The phrase “right with God” has received a lot of airtime in recent years. Unfortunately, it comes with its own new-and-improved definition. We truly are made right with God when we receive Jesus’ death and resurrection as full payment for the debt we owe God. But that receiving does not mean a mental agreement or a prayer of appreciation. It is a transfer of ownership. When we accept God’s offer of salvation, we agree to His terms, which means we are under new management (Galatians 2:20). Therefore, all choices from that moment on are to be in line with His owner’s manual, the Bible.
But the current church climate has decided to treat God’s instruction book as a list of suggestions, not commands for obedience. We’ve reinvented Jesus as some sort of buddy, sobriety partner, or coach…anything but Lord and King. As long as His ways coordinate with our desire for happiness, we’re glad to oblige.
But the thousands of martyrs through the years would have a different stance on that. They’ve watched their children sliced in half, their wives and sisters raped, their homes burned, and then faced torture and execution because they refused to compromise the words of God’s book. After reading about the centuries of horrible persecution Christians have suffered, it’s hard to be sympathetic with the west’s version of so-called Christianity that crumbles under any pressure that threatens something it wants.
It’s so much easier to set the Book aside, reinvent a more tolerant Jesus, and declare with joy and conviction that we are “right with God.” The woman who sleeps with her boyfriend every time he’s in town…the man who tosses his wife aside for a younger version...the alcoholic who compartmentalizes his addiction instead of attacking it...the couple seething with bitterness and unforgiveness...the teenager who parties every weekend like she’s Satan’s key apprentice…all declare with boldness that they know they are “right with God.” After all, that one worship song gives them goosebumps and they have Bibles on their nightstands.
The problem with this claim is that when the Holy Spirit moves into a repentant heart, He brings His convictions with Him. When one of His children moves willfully toward disobedience, He comes after us with a heavenly two by four. When we choose to disobey God’s clearly stated commands, Hebrews 12 is clear that our Father disciplines us in a way that jerks us back into line. If we are not being disciplined for willful sin, that passage states very intolerantly that we are not His.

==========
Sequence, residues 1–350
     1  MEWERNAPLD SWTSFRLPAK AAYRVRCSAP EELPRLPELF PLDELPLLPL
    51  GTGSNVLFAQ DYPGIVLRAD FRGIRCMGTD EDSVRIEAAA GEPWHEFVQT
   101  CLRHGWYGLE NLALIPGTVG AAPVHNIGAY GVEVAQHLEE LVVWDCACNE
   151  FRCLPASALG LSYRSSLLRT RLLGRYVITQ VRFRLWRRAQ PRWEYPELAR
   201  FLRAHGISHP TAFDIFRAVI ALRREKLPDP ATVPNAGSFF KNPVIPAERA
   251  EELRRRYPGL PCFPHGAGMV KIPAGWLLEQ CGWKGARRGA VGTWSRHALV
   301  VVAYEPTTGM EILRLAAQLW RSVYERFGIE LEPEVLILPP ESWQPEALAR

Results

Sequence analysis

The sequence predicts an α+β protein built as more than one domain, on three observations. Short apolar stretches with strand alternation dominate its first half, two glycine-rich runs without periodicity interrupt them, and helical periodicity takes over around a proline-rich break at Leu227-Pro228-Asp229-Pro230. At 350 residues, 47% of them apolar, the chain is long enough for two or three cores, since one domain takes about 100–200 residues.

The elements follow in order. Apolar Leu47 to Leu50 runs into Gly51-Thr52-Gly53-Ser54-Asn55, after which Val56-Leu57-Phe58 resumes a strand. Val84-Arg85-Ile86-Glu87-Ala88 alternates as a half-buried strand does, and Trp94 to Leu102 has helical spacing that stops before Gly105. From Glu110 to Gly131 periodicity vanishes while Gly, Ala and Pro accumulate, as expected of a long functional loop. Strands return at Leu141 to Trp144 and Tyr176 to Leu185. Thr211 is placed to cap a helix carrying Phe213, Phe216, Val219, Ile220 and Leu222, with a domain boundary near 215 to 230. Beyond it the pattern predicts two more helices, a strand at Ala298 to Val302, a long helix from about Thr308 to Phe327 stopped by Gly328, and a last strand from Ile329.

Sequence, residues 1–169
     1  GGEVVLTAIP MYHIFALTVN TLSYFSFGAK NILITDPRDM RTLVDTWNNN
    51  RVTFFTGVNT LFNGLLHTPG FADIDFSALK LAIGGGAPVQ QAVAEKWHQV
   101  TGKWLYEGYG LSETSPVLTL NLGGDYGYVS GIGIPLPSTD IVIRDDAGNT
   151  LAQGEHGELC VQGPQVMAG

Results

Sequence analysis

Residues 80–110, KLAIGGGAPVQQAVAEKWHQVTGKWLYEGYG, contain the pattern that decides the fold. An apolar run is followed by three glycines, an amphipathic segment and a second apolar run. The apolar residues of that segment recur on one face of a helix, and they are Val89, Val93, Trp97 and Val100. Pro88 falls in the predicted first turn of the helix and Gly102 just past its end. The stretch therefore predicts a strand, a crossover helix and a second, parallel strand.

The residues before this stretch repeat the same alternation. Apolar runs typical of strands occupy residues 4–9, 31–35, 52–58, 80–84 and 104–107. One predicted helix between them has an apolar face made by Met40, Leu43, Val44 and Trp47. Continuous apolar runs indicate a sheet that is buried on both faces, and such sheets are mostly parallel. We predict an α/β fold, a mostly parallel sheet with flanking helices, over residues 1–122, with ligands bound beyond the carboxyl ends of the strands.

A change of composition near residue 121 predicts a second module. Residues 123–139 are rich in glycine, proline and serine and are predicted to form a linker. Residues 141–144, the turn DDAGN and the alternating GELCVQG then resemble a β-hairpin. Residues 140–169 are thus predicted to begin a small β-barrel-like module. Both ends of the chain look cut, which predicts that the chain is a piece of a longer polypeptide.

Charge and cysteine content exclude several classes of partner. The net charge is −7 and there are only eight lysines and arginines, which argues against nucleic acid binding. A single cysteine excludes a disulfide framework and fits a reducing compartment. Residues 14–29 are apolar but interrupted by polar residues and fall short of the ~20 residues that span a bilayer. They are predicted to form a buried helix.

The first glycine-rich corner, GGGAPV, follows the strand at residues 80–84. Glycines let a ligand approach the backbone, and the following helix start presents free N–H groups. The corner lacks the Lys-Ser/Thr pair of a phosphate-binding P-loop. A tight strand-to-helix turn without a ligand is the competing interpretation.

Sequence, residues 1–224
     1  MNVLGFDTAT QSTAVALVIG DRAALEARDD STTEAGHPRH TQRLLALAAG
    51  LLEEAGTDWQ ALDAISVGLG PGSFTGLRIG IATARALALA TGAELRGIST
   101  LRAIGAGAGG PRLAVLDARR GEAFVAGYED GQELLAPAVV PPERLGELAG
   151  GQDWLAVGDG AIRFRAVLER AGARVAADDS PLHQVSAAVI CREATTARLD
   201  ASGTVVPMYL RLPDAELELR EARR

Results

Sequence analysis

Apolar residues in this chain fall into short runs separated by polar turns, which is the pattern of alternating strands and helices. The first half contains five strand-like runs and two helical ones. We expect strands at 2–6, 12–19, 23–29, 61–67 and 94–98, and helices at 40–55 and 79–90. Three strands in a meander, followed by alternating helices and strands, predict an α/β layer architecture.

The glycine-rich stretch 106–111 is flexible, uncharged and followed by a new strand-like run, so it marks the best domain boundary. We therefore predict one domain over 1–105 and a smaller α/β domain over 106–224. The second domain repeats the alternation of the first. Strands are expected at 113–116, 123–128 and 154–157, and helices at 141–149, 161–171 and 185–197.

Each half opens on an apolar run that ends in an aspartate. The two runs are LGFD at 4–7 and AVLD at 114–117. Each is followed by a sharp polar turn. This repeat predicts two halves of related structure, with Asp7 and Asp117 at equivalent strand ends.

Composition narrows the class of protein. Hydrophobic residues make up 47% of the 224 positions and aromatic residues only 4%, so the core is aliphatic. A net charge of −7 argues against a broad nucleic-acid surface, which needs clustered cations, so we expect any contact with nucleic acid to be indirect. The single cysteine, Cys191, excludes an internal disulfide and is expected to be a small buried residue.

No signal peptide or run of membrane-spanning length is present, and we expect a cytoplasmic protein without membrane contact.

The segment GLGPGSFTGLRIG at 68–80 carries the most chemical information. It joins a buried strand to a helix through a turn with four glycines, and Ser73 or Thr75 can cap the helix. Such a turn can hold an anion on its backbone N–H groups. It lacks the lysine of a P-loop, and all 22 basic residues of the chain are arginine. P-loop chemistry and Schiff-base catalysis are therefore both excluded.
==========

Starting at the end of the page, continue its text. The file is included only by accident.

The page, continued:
At no time during our disobedience will God confirm to us that we are “right” with Him. That is not God’s voice that we hear whispering, “I understand. I only wants you to be happy.” Sadly, though, if we are not saturating ourselves in His word, then we cannot distinguish His voice from a thousand other deceiving voices. We harden that disobedient part of our hearts, pray to the reinvented Jesus, and bask in the warmth of Satan’s sunlamp.
So how can we know that we are truly “right with God” if we can’t rely on our feelings? We lay a transparency of our lives over His book and see if they match. Of course, there will be slight variations because we sin unintentionally every day. But if there are clear commands we are choosing to violate as an ongoing lifestyle, then we are not “right with God” no matter how warm and cozy we’ve decided we feel. The soulish thrill of sin is a clever substitute for the true peace of being right with God, and the less we study and apply the whole counsel of God (Acts 20:27), the less likely we are to recognize the deception.
For further study, see Romans 6, the book of 1 John, Matthew 7:13-27, and Luke 14.